“I think that story should be written down,” observed the pacha, after a pause of a few moments.
“I have already given directions, your highness, and the Greek slave is now employed about it, improving the language to render it more pleasing to the ears of your sublime highness, should it be your pleasure to have it read to you on some future day.”
“That is right, Mustapha, if I recollect well, the Caliph Haroun used to command them to be written in letters of gold, and be deposited in the archives: we must do the same.”
“The art no longer exists, your highness.”
“Then we must be content with Indian-ink,” replied the pacha, lifting the pitcher to his mouth, and emptying it.
“The sun will soon be down, Mustapha, and we must set off.”
The pacha called for coffee, and in a few minutes, accompanied, as before, by Mustapha and the armed slaves, was prowling through the city in search of a story-teller. He was again fortunate, as after a walk of half an hour, he overheard two men loudly disputing at the door of a small wine-shop, frequented by the Greeks and Franks living in the city, and into which many a slave might be observed to glide, returning with a full pitcher for the evening’s amusement of his Turkish master, who, as well as his betters, clandestinely violated the precepts of the Koran.
As usual he stopped to listen, when one of the disputants exclaimed—“I tell thee, Anselmo, it is the vilest composition that was ever drunk: and I think I ought to know, after having distilled the essence of an Ethiopian, a Jew, and a Turk.”
“I care nothing for your distillations, Charis,” replied the other, “I consider that I am a better judge than you: I was not a monk of the Dominican order for fifteen years, without having ascertained the merit of every description of wine.”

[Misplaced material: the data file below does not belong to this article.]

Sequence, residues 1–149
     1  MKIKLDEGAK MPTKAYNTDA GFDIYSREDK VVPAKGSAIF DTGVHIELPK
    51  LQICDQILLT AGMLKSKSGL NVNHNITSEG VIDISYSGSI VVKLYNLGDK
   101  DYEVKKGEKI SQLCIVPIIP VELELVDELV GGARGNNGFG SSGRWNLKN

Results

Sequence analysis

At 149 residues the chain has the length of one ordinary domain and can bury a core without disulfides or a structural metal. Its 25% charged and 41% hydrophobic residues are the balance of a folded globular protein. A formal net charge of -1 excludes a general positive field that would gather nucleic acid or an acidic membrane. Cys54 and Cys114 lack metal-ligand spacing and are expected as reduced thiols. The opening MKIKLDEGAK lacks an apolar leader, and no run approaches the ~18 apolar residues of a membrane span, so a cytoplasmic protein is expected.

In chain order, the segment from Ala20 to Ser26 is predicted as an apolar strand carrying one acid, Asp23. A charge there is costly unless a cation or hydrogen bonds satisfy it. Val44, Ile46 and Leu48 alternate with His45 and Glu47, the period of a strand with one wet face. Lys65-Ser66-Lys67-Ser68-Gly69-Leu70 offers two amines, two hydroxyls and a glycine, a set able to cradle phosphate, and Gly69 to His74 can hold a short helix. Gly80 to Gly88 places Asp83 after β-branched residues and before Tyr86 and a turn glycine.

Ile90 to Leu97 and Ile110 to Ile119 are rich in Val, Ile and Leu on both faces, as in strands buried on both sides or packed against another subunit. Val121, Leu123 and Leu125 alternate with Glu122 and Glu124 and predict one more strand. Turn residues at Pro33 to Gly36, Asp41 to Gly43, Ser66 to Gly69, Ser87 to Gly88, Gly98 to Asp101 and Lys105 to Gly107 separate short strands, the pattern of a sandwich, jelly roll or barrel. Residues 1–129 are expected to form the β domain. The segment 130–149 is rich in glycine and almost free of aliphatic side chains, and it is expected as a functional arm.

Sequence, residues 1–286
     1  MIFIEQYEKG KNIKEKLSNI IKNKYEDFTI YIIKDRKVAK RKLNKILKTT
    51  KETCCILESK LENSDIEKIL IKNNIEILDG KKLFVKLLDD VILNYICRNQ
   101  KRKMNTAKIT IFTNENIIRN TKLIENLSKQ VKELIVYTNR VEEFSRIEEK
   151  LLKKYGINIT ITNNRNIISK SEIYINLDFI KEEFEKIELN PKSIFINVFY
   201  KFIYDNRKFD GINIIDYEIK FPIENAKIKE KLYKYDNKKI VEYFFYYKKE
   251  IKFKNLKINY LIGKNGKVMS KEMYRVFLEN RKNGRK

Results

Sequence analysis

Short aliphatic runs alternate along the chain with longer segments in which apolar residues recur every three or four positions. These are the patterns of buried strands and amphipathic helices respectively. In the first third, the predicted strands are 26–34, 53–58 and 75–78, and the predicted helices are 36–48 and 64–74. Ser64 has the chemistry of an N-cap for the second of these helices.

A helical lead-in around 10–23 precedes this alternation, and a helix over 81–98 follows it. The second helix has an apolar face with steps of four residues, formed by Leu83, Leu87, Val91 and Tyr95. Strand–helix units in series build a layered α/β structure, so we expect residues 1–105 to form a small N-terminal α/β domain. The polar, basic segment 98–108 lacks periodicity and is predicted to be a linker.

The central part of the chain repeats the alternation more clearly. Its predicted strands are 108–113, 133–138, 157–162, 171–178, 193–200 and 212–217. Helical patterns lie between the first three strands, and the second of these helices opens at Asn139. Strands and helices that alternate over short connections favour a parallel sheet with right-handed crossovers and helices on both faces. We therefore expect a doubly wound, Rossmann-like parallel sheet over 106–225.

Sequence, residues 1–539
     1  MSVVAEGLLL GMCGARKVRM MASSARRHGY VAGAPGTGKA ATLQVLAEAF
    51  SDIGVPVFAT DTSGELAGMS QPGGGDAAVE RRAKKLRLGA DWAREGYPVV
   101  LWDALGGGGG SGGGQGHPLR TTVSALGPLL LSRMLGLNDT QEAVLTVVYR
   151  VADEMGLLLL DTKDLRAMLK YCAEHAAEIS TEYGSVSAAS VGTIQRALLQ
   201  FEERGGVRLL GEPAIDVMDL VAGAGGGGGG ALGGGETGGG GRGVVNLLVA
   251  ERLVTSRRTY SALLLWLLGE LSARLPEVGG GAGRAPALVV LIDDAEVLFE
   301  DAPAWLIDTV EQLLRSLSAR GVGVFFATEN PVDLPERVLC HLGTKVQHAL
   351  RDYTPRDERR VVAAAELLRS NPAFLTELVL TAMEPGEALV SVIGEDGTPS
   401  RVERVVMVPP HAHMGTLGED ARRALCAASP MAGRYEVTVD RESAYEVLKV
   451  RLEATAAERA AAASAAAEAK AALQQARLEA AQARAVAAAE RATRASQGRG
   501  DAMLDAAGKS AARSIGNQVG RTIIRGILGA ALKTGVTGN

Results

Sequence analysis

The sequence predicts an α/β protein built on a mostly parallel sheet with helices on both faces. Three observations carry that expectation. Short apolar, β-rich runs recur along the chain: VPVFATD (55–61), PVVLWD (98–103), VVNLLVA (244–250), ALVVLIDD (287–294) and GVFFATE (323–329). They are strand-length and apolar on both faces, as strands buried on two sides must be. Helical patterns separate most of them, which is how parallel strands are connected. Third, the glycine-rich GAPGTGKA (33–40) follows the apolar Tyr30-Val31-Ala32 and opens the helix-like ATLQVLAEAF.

“I should like to know what that fellow means by distilling people,” observed the pacha, “and also why a Dominican monk should know wine better than others. Mustapha, I must see those two men.”
The next morning the men were in attendance, and introduced; when the pacha requested an explanation from the first who had spoken. The man threw himself down before the pacha, with his head on the floor of the divan, and said,—“First promise me, your highness, by the sword of the prophet, that no harm shall result to me from complying with your request; and then I shall obey you with pleasure.”
“Mashallah! what is the Kafir afraid of? What crimes hath he committed, that he would have his pardon granted before he tells his story?” said the pacha to Mustapha.
“No crime towards your state, your sublime highness; but when in another country, I was unfortunate,” continued the man—“I cannot tell my story, unless your highness will condescend to give your promise.”